In January, Senator Barbara Boxer (D-Ca.), a pro-abortion leader in the Senate, assured McClatchy News Service that the abortion surcharge requirement is only an “accounting procedure,” and DHHS Secretary Kathleen Sebelius also assured pro-abortion listeners that the Nelson language was of no consequence. Yet today, in an effort to entice pro-life Democrats in the House to vote for the bill, the White House and Democratic leaders are working on “convincing as many as a dozen antiabortion Democrats in the House that abortion language in the Senate bill is more stringent than initially portrayed,” according to a report in the March 5 Washington Post.
The bottom line is that if the Senate bill is passed, for the first time ever we will have (multiple) federal government managed and subsidized insurance companies offering birth control abortions. This is what those who want the House bill don’t want to see. But even even if they are wrong about that (and I think that good people can disagree) the Senate bill funds abortion in multiple other ways that the House bill does not. Here are just two examples:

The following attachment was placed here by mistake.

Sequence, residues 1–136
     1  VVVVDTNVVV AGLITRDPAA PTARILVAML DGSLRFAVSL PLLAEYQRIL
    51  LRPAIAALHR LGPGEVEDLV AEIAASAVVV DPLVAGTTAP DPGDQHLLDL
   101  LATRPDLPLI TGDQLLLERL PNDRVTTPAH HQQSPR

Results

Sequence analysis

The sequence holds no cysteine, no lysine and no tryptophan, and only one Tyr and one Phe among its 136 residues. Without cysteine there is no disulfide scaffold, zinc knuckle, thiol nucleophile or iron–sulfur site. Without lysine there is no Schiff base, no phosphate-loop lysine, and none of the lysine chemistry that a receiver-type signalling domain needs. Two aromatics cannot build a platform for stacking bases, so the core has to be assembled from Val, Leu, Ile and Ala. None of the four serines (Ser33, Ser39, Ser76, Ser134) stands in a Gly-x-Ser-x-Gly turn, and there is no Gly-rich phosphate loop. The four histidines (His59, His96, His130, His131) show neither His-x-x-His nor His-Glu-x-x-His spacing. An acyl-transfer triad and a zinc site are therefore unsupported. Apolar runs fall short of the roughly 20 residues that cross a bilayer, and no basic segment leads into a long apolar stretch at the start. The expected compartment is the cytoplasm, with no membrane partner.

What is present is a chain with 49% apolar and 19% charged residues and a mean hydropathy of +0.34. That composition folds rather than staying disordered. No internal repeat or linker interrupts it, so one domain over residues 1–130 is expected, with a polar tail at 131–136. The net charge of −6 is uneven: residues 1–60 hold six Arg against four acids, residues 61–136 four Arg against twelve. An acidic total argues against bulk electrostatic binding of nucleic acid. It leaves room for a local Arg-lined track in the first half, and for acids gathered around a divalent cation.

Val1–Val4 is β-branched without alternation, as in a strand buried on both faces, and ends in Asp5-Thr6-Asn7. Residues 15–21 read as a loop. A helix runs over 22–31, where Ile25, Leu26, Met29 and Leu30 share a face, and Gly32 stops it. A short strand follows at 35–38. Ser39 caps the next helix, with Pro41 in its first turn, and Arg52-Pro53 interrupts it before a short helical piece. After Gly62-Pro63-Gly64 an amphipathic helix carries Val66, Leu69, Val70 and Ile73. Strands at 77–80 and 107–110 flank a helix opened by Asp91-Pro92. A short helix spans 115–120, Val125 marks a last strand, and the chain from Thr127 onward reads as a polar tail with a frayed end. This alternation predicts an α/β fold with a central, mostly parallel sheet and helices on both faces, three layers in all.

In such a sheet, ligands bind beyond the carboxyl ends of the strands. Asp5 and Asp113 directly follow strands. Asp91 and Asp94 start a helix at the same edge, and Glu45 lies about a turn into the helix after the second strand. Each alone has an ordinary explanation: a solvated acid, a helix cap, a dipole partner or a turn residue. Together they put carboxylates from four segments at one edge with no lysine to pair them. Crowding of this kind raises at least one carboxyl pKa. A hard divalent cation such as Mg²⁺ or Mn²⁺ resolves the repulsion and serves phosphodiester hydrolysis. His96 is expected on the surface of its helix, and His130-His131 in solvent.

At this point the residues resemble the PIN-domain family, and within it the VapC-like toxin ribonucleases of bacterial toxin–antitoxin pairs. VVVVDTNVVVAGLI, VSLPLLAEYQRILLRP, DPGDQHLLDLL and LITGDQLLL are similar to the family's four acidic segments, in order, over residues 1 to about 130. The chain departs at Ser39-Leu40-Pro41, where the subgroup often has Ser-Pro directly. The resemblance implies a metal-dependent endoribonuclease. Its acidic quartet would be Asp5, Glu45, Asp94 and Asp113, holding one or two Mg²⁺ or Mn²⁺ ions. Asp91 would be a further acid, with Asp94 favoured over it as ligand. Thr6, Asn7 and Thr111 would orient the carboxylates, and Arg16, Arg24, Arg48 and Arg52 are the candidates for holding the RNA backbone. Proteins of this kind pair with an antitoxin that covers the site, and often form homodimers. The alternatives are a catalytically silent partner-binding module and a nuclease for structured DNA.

The Senate bill would reauthorize all federal Indian health programs, without including language to prohibit funding of elective abortion, even though such an amendment (the Vitter Amendment, similar to the Stupak Amendment) was approved by the Senate when it last considered Indian health legislation on February 26, 2008. There is a clause in the Senate health bill [Sec. 10221, pp. 2175-2176] that has been misrepresented as an abortion restriction, but it actually contains no policy standard on abortion funding — it merely “punts” the question to the annual appropriations process, an unacceptable approach. A vote for the Senate bill is a vote to open the door to future federal funding of abortion on demand through all Indian health programs.